Delivery Boy is an English-speaking gay movie made in Hong Kong. This short film is about a delivery worker with a secret crush on his regular customer. One day, an unexpected opportunity allows the characters to interact for the first time. They form an easygoing rapport that develops into something more.
I enjoy the novelty of an English-language gay movie in Hong Kong. Otherwise, Delivery Boy is a pretty ordinary short film with a basic plot. It tells a cute and compact love story in fifteen minutes. However, it doesn’t differentiate from the typical BL romances you’ve already seen in this genre.
Delivery Boy Summary
Cute and sweet
Yes, this movie has a gay romance.
Chunho is a food delivery worker in Hong Kong. He delivers meals regularly to a customer named Eric. Chunho has developed an infatuation with the handsome expat, nicknaming him the pork and leek guy. Chunho confides in his friend, Jasper, and gushes about his secret crush frequently. However, Eric takes the food orders each time without minding the delivery boy. Eric doesn’t even know who Chunho is.
One day, Eric and Chunho randomly meet on the streets. Eric has dropped his groceries on the ground, and Chunho goes to help him retrieve the items. The characters meet properly for the first time. Eric doesn’t recognize the delivery boy, but Chunho plays along as if it’s their initial introduction. Chunho offers to help Eric carry the groceries home. He’s excited about the opportunity to finally step inside Eric’s apartment.
Delivery Boy Cast
Chunho is a food delivery worker in Hong Kong. He has a secret crush on his regular customer, Eric. Despite his infatuation, Eric hasn’t talked to Chunho and doesn’t know he exists. Chunho often confides in his friend, Jasper, about his mundane interactions with Eric.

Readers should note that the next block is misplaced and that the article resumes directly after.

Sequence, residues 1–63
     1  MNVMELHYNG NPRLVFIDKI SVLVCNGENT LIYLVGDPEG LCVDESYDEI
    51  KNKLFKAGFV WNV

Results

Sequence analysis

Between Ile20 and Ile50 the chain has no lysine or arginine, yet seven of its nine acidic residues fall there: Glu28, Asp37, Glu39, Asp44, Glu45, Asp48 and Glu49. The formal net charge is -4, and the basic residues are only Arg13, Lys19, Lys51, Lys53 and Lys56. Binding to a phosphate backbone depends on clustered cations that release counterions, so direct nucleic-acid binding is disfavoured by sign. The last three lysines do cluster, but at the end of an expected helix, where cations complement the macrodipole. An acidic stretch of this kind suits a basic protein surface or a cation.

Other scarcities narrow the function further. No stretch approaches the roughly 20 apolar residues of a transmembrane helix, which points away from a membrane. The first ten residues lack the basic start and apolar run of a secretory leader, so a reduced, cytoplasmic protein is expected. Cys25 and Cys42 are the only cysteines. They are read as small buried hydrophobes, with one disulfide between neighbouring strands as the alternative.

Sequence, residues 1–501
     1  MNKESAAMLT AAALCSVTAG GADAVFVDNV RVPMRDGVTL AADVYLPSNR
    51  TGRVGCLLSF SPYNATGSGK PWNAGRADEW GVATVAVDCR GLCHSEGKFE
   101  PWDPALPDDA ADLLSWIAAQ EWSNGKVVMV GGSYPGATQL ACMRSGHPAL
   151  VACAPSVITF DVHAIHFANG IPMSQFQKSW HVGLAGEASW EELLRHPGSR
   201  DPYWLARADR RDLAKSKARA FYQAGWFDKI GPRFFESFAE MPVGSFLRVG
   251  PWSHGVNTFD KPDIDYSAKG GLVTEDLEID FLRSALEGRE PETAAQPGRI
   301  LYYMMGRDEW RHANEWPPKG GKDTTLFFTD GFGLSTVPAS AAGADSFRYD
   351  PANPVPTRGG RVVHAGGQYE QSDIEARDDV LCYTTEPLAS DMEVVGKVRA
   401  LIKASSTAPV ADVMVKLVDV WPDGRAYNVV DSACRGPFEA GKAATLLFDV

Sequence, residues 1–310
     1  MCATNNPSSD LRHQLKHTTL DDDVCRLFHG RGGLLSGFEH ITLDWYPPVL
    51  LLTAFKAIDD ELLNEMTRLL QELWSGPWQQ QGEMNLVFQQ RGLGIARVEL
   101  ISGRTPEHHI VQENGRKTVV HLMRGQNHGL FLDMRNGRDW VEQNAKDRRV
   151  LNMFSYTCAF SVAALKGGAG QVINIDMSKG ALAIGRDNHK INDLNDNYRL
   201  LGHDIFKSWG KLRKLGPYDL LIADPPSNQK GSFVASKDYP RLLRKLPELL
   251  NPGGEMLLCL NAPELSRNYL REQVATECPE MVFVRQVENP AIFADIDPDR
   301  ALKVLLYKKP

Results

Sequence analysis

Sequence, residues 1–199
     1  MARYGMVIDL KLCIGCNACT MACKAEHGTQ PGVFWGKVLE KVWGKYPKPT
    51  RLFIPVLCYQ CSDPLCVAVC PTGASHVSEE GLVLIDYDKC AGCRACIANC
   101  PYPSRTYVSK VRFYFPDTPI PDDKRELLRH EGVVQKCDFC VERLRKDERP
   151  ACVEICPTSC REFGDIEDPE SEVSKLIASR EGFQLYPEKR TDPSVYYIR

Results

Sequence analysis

Eric is an expat who lives in Hong Kong. He orders food regularly at his home. Chunho delivers his meals each time, but Eric doesn’t notice him. Eric has no idea the ordinary delivery boy harbours a secret crush on him.
- The movie’s director is Hugo Kenzo, born in Brazil from Japanese parents. He currently lives in Hong Kong. Hugo has directed another short LGBTQ movie called No Pants, his debut film.
Delivery Boy Review
Movie Review Score: 6.5
Delivery Boy conveys a cute, adequate gay romance in fifteen minutes. The narrative is concise and coherent, delivering all the events smoothly. However, the story isn’t remarkable enough to differentiate it from many other LGBT films in the genre. The plot is too basic, the length too short, and the characters too simplistic. Delivery Boy feels ordinary, like an average movie that doesn’t do anything exceptionally well.
A delivery worker is a quirky choice for a lead in a gay movie. Once you get past the initial novelty, Chunho is a plain protagonist defined solely by his job and infatuation. Similarly, his love interest has even fewer distinguishable traits. The film fails to explain Eric’s appeal or why Chunho seems attracted to him before they meet. I don’t want to focus on Eric being an expatriate in Hong Kong. Yet, that’s the only unique detail about his vanilla character. The basis of Chunho’s crush is a physical attraction instead of anything substantial about Eric as a person.